Extraordinary Press Conference by Foreign Minister HAYASHI Yoshimasa
Sunday, April 3, 2022, 4:09 p.m. Rzeszów
Mr. HAYASHI Yoshimasa, Minister for Foreign Affairs: During the second day of my visit to Poland, I visited Medyka in the border zone after firstly traveling for five hours from Warsaw. I received an explanation from a member of the border patrol that there was a very congested situation of several thousand to tens of thousands of Ukrainian evacuees staying at the border per day when there were many people. I was shown a video by the person who gave the explanation. However, the person explained that recently the number of people has decreased and actually some people who are traveling from Poland to Ukraine. In any event, it was truly moving to visit this place where people part and are reunited.
Now the situation has calmed down a little and it has become possible for the evacuees to smoothly cross the border and move to Warsaw and evacuee accommodation facilities, which I visited yesterday. This begins by firstly facilitating immigration inspections and providing vehicle insurance for evacuees’ vehicles. I was actually shown a vehicle being provided insurance onsite. I also saw a red tent of a citizens’ group that provides various forms of support for the evacuees, including preparing food, providing warmth to children, and preparing toys for children to play with, which is very considerate. We saw the situation on the front lines with our own eyes. It made me feel for the evacuees who have already come to Japan, and feel anew that Japan as a whole should provide maximum support so that the people who have had to evacuate can return to their previous lives as soon as possible.
After that, I encouraged the Ukrainian Evacuee Support Team established at the Rzeszów liaison office at the Embassy of Japan in Poland. In the same way as the support team at the Embassy of Japan in Poland that I met and encouraged yesterday, I saw with my own eyes and felt very heartened by the personnel wisely engaging in their duties amidst this extremely severe situation on the very front lines. I issued instructions that they should continue to carefully listen to the voices of the evacuees and support them. Then, just before this press conference, I held an exchange of views with people from international organizations, specifically representatives of OCHA, UNHCR, and IOM. Continuing from yesterday, we discussed the details of matters such as the needs and issues of support for evacuees. Two Japanese staff members came to this, and I felt heartened that they are active as global human resources. I expressed my expectations that each organization will effectively utilize humanitarian assistance from the Government of Japan in a manner that leverages its respective strengths. The representatives expressed gratitude for the swift support from Japan. They also provided specific explanations on how the support from the Government of Japan has been immediately utilized in fields such as supporting women and children, medical care, and water, based on the current situation in Rzeszów. They also raised security concerns when working within Ukraine. Following on from my visit to Warsaw yesterday, this was a very significant opportunity in which I was able to confirm that the Government of Japan’s support is being effectively utilized in Rzeszów as well, and confirmed several upcoming issues.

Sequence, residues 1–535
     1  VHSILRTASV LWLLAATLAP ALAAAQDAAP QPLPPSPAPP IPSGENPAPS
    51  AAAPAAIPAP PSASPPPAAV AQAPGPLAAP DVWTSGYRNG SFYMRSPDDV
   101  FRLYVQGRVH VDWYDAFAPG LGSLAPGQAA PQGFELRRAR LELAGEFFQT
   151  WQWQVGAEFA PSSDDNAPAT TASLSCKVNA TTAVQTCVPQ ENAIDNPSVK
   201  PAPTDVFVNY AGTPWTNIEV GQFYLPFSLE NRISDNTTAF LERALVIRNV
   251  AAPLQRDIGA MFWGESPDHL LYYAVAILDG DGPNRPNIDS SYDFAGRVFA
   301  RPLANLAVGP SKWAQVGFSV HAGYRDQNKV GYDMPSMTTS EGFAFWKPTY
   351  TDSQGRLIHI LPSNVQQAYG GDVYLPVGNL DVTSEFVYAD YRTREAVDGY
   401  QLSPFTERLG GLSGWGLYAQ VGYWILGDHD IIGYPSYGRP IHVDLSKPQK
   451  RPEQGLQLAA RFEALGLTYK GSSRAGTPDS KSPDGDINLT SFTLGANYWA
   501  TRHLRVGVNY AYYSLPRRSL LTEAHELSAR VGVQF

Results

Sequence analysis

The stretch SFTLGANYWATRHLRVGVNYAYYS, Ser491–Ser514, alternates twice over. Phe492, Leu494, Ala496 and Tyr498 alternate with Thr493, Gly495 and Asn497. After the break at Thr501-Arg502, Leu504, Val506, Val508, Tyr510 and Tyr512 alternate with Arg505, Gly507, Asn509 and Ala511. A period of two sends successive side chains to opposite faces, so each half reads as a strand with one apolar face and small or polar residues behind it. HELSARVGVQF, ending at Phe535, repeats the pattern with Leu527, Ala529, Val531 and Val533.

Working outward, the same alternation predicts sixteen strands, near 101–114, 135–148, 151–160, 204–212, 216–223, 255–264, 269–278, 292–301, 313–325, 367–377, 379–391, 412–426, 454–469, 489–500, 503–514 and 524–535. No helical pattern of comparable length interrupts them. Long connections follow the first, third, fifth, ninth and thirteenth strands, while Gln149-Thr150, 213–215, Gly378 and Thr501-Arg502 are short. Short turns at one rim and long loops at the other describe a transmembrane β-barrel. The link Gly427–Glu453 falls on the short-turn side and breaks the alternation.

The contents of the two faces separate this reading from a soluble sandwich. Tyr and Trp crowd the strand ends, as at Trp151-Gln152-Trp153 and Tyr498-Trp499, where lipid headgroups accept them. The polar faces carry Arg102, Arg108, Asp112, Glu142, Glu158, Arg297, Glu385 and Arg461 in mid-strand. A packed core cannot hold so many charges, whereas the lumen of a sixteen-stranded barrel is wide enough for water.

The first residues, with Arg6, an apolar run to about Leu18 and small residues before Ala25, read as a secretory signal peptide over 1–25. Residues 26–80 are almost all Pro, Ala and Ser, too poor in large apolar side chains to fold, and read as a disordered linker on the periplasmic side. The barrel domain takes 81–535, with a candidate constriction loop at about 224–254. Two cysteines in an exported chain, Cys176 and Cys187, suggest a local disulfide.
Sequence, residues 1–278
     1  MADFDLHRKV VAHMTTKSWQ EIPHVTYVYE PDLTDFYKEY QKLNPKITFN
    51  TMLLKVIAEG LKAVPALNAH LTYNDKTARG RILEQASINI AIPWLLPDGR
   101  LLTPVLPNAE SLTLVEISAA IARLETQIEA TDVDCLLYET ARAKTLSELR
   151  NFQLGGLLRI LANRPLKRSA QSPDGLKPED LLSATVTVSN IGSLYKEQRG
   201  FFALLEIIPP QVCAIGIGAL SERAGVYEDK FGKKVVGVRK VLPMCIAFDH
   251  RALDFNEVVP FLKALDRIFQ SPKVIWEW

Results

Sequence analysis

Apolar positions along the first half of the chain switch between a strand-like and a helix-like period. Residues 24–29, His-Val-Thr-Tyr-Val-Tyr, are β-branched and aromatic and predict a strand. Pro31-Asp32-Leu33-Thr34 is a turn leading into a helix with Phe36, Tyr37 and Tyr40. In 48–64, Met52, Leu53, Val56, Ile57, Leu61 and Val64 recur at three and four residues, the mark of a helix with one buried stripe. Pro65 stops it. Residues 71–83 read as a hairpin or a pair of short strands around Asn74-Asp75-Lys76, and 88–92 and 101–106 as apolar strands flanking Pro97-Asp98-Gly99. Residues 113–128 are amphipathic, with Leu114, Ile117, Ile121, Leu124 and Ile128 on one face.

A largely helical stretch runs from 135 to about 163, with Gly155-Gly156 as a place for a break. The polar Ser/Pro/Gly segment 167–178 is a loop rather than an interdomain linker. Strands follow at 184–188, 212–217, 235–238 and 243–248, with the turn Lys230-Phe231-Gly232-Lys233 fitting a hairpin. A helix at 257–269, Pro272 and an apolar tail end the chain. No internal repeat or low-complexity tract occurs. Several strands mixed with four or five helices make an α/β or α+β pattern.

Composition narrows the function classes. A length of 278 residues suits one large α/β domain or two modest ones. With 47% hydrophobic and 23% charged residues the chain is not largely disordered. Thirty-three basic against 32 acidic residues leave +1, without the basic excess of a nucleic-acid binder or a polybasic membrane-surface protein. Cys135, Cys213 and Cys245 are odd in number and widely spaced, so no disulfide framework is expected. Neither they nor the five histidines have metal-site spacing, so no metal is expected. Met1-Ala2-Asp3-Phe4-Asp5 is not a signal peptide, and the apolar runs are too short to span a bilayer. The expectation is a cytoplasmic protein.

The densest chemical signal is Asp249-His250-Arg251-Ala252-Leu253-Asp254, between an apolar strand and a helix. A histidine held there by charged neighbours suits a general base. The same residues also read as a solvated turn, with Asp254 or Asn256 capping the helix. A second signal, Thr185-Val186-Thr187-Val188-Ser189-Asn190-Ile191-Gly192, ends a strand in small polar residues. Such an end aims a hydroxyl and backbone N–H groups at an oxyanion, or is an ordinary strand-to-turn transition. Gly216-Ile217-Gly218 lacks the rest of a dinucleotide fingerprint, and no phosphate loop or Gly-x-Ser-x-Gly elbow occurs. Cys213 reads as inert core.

Tomorrow will be the final day of my visit. I plan to hold meetings with dignitaries from the Government of Poland, specifically President Duda, Prime Minister Morawiecki, and Foreign Minister Rau. Based on the local situation that we have ascertained with our own eyes and heard about for the past two days, we will hold exchanges of views and utilize this for the Government of Japan’s future efforts to support the Ukrainian evacuees.
That is all from me, but State Minister of Justice Tsushima has something to add.
Mr. TSUSHIMA Jun, State Minister of Justice: Based on what I have seen today, I would like to speak about my reaction mainly related to issues concerning the Ministry of Justice. Firstly, regarding what I felt and points that I believe will be important for Japan’s support effort going forward, the first point is to prepare places where everyone can feel relieved. Specifically, places are being prepared where there are hot meals, warmth, and children can play without constraint.
The next point is the necessity of providing support from a humanitarian perspective to people with disabilities and children who have lost their parents, which Foreign Minister Hayashi mentioned. We will firmly take what we have learned centered on these two points back to Japan and consider what we can do.
Reporter: You exchanged views today with personnel from the liaison office and international organizations. Could you please tell us what specific requests you received from these people?
Minister Hayashi: I mainly provided encouragement to the liaison office personnel. I have heard the requests from Ambassador Matsuda and others, so I did not hear any particular requests again today.